Written by: Sarah Frank
Imagine that you are a girl walking down the street alone at night, and you see a man in a hoodie start running in your direction. Odds are that he is just a guy jogging on your street… so why would this likely make you nervous?
Allow me to introduce you to the concept of an alief. Aliefs are subconscious belief-like states or ways of thinking that influence our actions and behaviors. Aliefs were first introduced by Tamar Gendler in her paper “Alief and Belief.” An interesting thing to note is that you don’t even have to really believe it’s true for the alief to affect your actions.
Aliefs, as Tamar Gendler describes them, are “associative, automatic, and arrational”. They have three major associated components: they involve the representation of an object/concept, they involve experiencing an emotional state, and they frequently lead to actions (motor routines, as she calls them).
Gendler provides the example of a Skywalk where you walk out onto glass high up. The adrenaline rush and the souvenirs with the words “I did it” tell you that it was a brave or bold thing to do. As Gendler argues, though, you wouldn’t have stepped onto the Skywalk if you thought there was any danger.
On one hand, you must believe it’s safe to step onto the Skywalk or you wouldn’t have considered it. The hesitation and fear you might feel, though, is caused by your alief— even if you know it’s not the case.
In this scenario and in other scenarios, there is an implicit and automatic alief that goes against what you actually believe. This can result in a belief-behavior mismatch, the term for when one’s behaviors contradict what one believes. Many people pride themselves on acting based on their values and beliefs but that’s not always the case. An alief can influence these actions.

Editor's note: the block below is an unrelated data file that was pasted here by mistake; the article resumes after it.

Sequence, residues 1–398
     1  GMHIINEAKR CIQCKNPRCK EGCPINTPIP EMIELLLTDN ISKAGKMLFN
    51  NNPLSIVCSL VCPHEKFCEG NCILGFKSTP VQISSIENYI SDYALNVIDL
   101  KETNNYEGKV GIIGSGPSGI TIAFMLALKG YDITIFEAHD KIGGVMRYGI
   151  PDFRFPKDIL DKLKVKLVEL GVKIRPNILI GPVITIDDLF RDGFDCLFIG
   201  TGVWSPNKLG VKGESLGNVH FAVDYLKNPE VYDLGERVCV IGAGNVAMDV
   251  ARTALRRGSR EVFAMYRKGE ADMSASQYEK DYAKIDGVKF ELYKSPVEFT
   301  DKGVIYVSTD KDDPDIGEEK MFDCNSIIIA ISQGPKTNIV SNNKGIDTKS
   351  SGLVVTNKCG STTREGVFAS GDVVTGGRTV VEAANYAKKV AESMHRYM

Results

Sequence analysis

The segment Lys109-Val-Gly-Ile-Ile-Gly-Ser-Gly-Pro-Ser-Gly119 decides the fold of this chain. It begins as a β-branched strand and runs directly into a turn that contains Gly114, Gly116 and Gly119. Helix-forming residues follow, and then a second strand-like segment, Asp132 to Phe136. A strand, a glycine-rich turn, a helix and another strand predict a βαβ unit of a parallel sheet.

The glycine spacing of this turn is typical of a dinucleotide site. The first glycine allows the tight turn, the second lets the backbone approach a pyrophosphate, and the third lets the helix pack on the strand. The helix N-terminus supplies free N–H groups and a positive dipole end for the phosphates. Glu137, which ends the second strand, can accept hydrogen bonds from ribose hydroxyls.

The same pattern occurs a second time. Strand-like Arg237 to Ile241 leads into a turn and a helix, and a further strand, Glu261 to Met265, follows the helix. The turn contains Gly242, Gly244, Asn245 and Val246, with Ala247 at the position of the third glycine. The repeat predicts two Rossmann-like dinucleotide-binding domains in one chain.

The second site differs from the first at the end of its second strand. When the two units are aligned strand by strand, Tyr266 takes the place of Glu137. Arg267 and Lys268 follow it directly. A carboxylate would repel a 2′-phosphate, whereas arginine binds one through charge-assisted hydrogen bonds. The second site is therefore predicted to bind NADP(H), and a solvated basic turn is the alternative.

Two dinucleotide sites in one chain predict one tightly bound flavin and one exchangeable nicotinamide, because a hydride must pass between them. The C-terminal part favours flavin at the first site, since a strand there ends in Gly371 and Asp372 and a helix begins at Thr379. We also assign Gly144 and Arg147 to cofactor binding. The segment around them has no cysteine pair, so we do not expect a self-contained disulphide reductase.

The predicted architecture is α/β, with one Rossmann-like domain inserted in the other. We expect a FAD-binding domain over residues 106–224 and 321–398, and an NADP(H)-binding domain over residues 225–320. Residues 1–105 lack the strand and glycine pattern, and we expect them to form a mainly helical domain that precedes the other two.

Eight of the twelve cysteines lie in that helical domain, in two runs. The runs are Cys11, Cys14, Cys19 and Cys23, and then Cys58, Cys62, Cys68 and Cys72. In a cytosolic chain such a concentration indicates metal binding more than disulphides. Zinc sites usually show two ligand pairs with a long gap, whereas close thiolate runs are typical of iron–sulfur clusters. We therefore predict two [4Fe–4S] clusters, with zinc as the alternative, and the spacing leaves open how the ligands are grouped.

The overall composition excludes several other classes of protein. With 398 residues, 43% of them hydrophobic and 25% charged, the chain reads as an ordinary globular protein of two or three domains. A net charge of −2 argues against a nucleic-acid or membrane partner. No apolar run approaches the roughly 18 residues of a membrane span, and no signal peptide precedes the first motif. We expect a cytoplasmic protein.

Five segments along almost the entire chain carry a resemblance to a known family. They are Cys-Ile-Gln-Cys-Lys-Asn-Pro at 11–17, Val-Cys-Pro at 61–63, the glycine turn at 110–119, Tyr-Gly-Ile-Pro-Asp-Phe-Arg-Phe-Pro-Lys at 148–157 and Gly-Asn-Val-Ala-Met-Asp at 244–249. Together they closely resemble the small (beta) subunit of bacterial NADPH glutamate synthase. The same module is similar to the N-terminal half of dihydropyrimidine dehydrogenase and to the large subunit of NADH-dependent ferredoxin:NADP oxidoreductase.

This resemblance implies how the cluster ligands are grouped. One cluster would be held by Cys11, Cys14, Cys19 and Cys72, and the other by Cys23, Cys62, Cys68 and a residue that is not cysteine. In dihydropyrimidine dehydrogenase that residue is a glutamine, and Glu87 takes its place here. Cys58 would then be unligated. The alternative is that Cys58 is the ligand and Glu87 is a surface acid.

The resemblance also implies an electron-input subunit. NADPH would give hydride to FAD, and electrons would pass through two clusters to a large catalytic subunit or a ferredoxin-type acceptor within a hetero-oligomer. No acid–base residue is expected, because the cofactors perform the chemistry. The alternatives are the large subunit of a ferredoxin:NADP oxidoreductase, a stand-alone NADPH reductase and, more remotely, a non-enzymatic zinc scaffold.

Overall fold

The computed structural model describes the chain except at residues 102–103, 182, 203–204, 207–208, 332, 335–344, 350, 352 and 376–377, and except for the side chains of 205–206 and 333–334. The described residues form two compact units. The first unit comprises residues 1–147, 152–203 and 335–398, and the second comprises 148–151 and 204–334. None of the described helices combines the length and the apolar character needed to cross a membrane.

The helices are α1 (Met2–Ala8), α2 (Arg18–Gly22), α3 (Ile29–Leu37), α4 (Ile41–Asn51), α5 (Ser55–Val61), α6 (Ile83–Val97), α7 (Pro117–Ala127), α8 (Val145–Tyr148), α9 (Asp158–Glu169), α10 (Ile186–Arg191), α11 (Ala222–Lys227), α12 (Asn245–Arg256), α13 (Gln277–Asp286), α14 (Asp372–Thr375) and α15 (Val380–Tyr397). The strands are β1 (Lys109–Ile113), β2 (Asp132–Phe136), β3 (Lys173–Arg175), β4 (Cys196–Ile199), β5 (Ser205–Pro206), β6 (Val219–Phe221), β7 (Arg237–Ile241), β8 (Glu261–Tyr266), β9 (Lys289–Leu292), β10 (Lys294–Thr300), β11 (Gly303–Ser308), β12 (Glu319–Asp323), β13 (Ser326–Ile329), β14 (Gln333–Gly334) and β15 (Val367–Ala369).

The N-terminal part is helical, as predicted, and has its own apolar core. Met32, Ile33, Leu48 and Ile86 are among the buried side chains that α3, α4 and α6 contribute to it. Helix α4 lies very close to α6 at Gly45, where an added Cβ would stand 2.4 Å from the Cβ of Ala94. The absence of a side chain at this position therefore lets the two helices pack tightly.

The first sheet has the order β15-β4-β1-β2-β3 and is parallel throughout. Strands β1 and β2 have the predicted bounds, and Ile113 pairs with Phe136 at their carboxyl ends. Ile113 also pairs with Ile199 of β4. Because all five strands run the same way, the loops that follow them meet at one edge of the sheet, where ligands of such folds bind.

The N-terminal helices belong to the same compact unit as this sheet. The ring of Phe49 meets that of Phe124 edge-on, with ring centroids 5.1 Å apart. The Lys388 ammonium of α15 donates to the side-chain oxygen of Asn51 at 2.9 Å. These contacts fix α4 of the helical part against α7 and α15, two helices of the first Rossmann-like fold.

Take, for instance, Paul Rozin’s experiment. In the experiment, participants pour sugar into two vials, one of which was previously labeled as holding poison but is obviously clean. The participants then pour the sugar from the vials into glasses and choose one to add water to and drink from. They almost always picked the cup with sugar from the unlabeled vial. Rozin’s experiments showed that people have biases that they know aren’t the case but are still impacted by.
Another example of an alief would be if you know your phone is in your pocket but reach to check anyway. You believe it’s there but an alief tells you to check, even though you know there’s no real reason to be worried.
This is also an example of a belief-discordant alief: an alief that complicates a pre-existing thought or opinion. On the show Brain Games, people were presented with two different types of brownies. One set of brownies was shaped normally but had a mediocre recipe. The other set was advertised as deluxe and fudgy but was shaped like dog poop. Most people chose the first set even though they knew the second ones were still just brownies.
Aliefs are present in everyday life: things you know aren’t true but act on anyway. Noticing the difference between aliefs and beliefs, between the true and untrue, is the first step to understanding your own actions. Beyond your own actions, though, keeping aliefs in mind can help you understand other people’s actions, especially in a day and age where implicit bias is more rampant than ever.